Aiding his ability to fight to the final bell is his cardio. Melendez simply doesn't get tired. In all three of his five round wars with Josh Thomson, Melendez was still able to push the pace near the end of the bout. If Melendez hadn't been able to keep up with "The Punk", he likely would've lost the decision or been finished.
Best chance for success
In order to dethrone Henderson, Melendez will have to nullify two of "Smooth's" best weapons: his low kicks and clinch.
Melendez absolutely has to stop Henderson's leg kicks early. Henderson has brutal kicks, which take their toll in a five rounder, and Melendez cannot afford to take many of them. Instead, he needs to counter with punches or takedown attempts every time "Bendo" kicks. Frankie Edgar made Henderson abandon his low kicks, which had been destroying Edgar's leg, with repeated punches. If Melendez can do the same, it would be very advantageous.
While getting taken down by Henderson is a less than great situation for "El Niño", it isn't a huge problem, as Melendez is very good at scrambling back to his feet. The real issue is being caught in Henderson's clinch. Henderson loves to carve his opponent up with knees from the clinch, and while Melendez has solid dirty boxing, it doesn't compare to brutal knees to the ribs. To stop Henderson from closing the distance, Melendez should look to establish his jab early on.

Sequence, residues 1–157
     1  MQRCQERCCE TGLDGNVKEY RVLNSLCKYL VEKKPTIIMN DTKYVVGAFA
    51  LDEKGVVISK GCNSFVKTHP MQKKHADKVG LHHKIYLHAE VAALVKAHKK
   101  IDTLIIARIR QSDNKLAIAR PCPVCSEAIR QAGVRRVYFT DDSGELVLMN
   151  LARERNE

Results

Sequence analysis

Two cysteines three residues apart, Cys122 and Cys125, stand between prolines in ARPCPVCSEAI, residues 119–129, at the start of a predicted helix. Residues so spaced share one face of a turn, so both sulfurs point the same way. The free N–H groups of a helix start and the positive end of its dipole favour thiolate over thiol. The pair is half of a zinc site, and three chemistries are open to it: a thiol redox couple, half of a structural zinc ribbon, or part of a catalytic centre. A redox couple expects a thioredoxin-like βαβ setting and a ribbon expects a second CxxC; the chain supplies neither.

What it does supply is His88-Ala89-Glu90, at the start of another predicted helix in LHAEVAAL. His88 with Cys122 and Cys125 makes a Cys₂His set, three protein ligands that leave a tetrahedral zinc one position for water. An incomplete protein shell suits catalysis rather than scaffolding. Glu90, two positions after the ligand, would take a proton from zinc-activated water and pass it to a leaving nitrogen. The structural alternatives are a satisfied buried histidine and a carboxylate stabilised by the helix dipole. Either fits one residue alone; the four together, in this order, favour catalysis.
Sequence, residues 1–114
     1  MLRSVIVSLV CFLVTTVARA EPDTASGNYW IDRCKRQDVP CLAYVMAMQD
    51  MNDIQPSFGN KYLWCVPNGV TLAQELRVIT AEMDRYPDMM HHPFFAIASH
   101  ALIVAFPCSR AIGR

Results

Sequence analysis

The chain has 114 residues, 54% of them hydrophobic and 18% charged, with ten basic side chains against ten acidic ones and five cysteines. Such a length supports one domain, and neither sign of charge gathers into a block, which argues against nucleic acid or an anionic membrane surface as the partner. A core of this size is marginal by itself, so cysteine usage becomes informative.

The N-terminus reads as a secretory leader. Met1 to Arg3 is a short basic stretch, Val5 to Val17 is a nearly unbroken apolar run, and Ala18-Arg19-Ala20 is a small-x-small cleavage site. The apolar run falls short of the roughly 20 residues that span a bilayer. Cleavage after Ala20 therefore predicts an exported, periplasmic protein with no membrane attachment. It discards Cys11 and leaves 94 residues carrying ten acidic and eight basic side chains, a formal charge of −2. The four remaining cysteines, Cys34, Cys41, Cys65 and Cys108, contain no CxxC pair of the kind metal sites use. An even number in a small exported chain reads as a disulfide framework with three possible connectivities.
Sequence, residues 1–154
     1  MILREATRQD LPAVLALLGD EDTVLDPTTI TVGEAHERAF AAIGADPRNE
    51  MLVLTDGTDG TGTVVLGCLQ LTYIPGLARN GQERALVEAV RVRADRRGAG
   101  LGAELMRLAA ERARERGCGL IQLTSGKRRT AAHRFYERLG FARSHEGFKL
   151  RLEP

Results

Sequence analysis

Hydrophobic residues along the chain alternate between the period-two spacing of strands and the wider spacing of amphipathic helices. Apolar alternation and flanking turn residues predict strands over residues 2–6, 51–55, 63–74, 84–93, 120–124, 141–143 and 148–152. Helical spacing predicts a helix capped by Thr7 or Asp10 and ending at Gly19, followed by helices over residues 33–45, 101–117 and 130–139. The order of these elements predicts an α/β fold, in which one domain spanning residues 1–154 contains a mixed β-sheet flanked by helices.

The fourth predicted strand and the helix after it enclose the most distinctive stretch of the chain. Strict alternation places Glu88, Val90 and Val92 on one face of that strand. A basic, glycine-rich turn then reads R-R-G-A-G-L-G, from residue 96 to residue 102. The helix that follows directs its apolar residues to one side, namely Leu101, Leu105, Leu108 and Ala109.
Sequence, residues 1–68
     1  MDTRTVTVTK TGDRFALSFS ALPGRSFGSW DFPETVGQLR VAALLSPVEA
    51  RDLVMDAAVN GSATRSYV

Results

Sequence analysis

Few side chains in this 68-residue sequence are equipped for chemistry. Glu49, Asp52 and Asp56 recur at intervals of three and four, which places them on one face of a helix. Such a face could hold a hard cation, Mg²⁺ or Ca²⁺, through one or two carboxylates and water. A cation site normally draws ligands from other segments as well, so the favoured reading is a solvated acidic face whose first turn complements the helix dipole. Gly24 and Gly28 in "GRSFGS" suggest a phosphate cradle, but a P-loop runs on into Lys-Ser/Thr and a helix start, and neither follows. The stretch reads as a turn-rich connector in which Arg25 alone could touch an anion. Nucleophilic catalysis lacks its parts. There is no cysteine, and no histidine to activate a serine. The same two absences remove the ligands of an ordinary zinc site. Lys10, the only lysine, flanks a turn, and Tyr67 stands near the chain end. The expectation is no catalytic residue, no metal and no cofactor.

If Melendez nullifies both of these areas of Henderson's game, he's in great shape. While Henderson is a very dangerous striker, his boxing isn't the best. One thing Melendez should do standing is look to counter all of Henderson's jabs, which is far and away his best punch.
If Henderson can't effectively jab, he's left with his charging combinations, which he generally uses to secure a clinch. This suits Melendez just fine, as Henderson's charge sets up his counter right hand perfectly.
Can Melendez capitalize on the holes in Henderson's game and prove he's the best lightweight in the world, or will Henderson continue his rule as lightweight king?